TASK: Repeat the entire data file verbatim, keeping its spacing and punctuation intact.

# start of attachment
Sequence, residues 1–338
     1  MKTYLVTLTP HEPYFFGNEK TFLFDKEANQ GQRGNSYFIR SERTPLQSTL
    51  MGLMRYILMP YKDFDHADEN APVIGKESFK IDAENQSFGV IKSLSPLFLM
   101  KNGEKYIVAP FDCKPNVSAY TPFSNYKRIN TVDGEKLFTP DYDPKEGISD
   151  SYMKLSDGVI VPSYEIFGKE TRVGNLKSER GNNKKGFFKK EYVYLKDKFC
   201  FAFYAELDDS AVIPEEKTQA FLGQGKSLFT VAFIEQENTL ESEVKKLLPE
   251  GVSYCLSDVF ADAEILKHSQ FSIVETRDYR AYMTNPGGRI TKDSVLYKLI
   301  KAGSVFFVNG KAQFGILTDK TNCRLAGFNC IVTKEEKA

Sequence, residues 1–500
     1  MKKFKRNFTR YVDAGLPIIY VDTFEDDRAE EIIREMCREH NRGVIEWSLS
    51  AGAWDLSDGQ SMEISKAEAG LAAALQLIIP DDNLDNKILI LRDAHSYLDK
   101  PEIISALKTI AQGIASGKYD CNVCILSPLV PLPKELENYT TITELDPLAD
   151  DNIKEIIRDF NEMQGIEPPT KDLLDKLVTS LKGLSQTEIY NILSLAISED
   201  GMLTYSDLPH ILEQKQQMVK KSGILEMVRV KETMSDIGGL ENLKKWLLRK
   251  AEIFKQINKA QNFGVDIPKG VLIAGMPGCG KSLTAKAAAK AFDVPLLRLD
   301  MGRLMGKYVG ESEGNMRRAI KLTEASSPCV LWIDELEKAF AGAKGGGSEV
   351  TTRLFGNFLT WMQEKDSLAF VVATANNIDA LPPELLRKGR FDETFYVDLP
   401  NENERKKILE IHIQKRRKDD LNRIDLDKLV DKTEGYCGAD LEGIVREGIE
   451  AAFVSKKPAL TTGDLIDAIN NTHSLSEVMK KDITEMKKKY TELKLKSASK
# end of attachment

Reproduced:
Sequence, residues 1–338
     1  MKTYLVTLTP HEPYFFGNEK TFLFDKEANQ GQRGNSYFIR SERTPLQSTL
    51  MGLMRYILMP YKDFDHADEN APVIGKESFK IDAENQSFGV IKSLSPLFLM
   101  KNGEKYIVAP FDCKPNVSAY TPFSNYKRIN TVDGEKLFTP DYDPKEGISD
   151  SYMKLSDGVI VPSYEIFGKE TRVGNLKSER GNNKKGFFKK EYVYLKDKFC
   201  FAFYAELDDS AVIPEEKTQA FLGQGKSLFT VAFIEQENTL ESEVKKLLPE
   251  GVSYCLSDVF ADAEILKHSQ FSIVETRDYR AYMTNPGGRI TKDSVLYKLI
   301  KAGSVFFVNG KAQFGILTDK TNCRLAGFNC IVTKEEKA

Sequence, residues 1–500
     1  MKKFKRNFTR YVDAGLPIIY VDTFEDDRAE EIIREMCREH NRGVIEWSLS
    51  AGAWDLSDGQ SMEISKAEAG LAAALQLIIP DDNLDNKILI LRDAHSYLDK
   101  PEIISALKTI AQGIASGKYD CNVCILSPLV PLPKELENYT TITELDPLAD
   151  DNIKEIIRDF NEMQGIEPPT KDLLDKLVTS LKGLSQTEIY NILSLAISED
   201  GMLTYSDLPH ILEQKQQMVK KSGILEMVRV KETMSDIGGL ENLKKWLLRK
   251  AEIFKQINKA QNFGVDIPKG VLIAGMPGCG KSLTAKAAAK AFDVPLLRLD
   301  MGRLMGKYVG ESEGNMRRAI KLTEASSPCV LWIDELEKAF AGAKGGGSEV
   351  TTRLFGNFLT WMQEKDSLAF VVATANNIDA LPPELLRKGR FDETFYVDLP
   401  NENERKKILE IHIQKRRKDD LNRIDLDKLV DKTEGYCGAD LEGIVREGIE
   451  AAFVSKKPAL TTGDLIDAIN NTHSLSEVMK KDITEMKKKY TELKLKSASK